Again…Practice!  If you’re having trouble using the person’s preferred pronoun, practice running through various sentences using it.  Remember, a few minutes of re-training your brain and associating your mental picture of the person with the pronoun can cut down on the number of times you miss-speak.  The object is to call the person by their preferred pronoun as much as possible…with the understanding that you are working to make the change, too.  It is ok to make a mistake once in awhile!

In Conversation:

Again…Forgive yourself.  If you make a mistake, you don’t have to correct yourself right away (which just calls more attention to the slip); just make sure to you the correct pronoun later in the conversation.
Be aware of your surroundings.  It can be dangerous in some areas to call a transitioning person by their former pronoun, though less obvious, perhaps, than by their former name.  Be aware of who may be listening to your conversation.  Be extra careful to speak of a person in transition by their preferred pronoun when in public.  When in doubt, wait to discuss anything on the subject of transition, transgender, or gender until you are sure you’re in a safe space.

Cosmetic Surgery and Reality TV: Renew Your Awareness of Boundaries

With the surge of reality television invading the lives of avid watchers, it is easy to see why millions of people have lost their touch with reality...and boundaries.  We watch each week as people eat bugs, have affair after affair, go under the knife to improve their sun-withered faces and we beg and beg for more. 

Here is reality: almost every transgender person does not hold celebrity status and is not accustomed to or justifiably subject to boundary-breaking inquiry.  Do not ask someone what surgeries they plan on having, what surgeries they have already had, or if you can sneak a peek at the results of any surgery.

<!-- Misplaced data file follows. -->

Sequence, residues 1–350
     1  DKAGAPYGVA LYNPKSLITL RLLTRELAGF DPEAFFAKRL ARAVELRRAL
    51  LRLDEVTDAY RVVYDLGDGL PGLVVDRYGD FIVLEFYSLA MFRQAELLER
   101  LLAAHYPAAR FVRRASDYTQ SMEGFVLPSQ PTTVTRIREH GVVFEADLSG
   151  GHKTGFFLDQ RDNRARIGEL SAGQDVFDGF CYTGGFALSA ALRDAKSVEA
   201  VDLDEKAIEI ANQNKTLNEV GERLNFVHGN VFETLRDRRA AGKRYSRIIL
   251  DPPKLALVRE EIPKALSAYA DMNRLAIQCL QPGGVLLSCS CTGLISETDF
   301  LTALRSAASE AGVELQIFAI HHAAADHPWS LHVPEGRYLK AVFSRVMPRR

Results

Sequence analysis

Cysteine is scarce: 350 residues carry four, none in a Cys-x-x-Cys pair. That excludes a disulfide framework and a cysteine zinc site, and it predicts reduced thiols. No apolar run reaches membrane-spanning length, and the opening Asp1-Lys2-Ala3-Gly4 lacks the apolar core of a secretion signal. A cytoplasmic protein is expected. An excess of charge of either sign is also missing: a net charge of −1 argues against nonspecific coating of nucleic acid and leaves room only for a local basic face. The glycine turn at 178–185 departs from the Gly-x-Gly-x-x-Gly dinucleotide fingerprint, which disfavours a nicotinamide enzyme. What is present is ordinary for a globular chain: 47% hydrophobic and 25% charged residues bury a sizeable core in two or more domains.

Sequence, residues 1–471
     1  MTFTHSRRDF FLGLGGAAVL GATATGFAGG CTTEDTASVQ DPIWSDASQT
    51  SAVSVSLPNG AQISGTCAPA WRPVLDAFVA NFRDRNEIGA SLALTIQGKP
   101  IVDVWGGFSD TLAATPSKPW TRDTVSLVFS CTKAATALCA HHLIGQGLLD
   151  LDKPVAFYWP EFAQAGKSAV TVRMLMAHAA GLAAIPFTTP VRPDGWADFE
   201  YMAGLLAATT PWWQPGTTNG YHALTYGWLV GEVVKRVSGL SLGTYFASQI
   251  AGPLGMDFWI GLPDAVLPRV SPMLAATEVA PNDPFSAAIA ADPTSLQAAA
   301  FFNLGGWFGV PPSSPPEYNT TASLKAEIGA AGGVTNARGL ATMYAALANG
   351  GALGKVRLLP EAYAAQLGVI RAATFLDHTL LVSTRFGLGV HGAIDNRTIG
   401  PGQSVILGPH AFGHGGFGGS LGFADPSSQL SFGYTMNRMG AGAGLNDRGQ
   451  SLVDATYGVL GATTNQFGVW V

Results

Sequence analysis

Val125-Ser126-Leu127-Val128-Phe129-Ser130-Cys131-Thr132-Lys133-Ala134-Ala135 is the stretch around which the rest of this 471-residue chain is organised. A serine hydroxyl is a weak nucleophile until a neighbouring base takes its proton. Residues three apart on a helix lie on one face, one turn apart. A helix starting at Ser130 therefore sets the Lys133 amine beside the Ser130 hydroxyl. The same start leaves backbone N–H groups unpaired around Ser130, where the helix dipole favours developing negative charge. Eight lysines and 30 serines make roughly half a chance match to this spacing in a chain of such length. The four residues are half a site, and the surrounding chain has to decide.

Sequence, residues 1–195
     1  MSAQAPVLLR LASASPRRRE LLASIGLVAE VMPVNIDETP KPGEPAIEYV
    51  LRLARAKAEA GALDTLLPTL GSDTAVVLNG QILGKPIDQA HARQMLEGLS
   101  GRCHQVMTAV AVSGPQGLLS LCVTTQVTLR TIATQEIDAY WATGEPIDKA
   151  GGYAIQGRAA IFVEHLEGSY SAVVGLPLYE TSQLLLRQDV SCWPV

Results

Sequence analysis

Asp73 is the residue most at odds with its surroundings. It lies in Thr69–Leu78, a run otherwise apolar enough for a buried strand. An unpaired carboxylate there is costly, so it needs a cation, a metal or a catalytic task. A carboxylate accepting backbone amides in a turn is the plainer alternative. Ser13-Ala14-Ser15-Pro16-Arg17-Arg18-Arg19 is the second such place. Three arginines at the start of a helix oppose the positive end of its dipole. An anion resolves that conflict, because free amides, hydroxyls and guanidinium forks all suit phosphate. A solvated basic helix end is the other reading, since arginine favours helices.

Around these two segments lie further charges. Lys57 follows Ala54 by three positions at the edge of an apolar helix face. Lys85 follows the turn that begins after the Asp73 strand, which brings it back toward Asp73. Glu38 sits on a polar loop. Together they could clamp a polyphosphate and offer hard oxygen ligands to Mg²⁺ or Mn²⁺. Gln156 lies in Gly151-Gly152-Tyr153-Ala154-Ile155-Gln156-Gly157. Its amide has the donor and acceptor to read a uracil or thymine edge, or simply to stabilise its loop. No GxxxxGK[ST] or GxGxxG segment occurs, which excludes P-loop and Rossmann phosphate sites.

Be compassionate!  Remember, a transgender person has likely spent their entire life feeling confined and uncomfortable in their skin.  They have lived year after year in an unfamiliar body.  The body, for someone transgender, has to be relearned and reintroduced.  It is an entirely private experience. 

To Prepare:

Write down the things you are curious about in what you believe is the process of transition for the person you wish to talk with.  Then, decide which of those questions you would like to be asked.  Then, decide which of the remaining questions you would be comfortable with someone asking your partner, your child, your parent.  The questions left are probably safe to ask.

In Conversation:

Try these questions:

  • Will you be making any physical transition in your identity transition process?
  • Are you comfortable talking about the physical changes you’ll encounter in your transition?
  • May I ask about your physical transition?
  • Are you willing to talk about what you will endure physically for your transition?

Why are You Forsaking Us?  A Note about ”Jumping Ship.”

Many times in the GLBT community the friends and family of the transgender person feels a real sense of abandonment.  An example:  A woman transitions to a man.  His former female friendships are challenged by the belief that the transgender has abandoned all sense of feminism and she is no longer able to understand women’s issues.  Another example:  A man transitions to a woman.  Her former friendships are challenged by the belief that the transgender has abandoned all sense of masculinity and she is no longer able to identify with what it means to be a “gay man.” 

This phenomenon gets played out in loss of friends, family, and chosen family in many cases.  Culturally, we associate gender to sexuality and sexuality to identity and identity to gender, all of which fall under a binary system: male and female, heterosexual and homosexual, boy and girl.  Consequently, when one transitions, the surrounding community assumes that the entirety of the person’s current experience is wrapped up in the outward package…the woman loses femininity, the man loses masculinity, and so forth.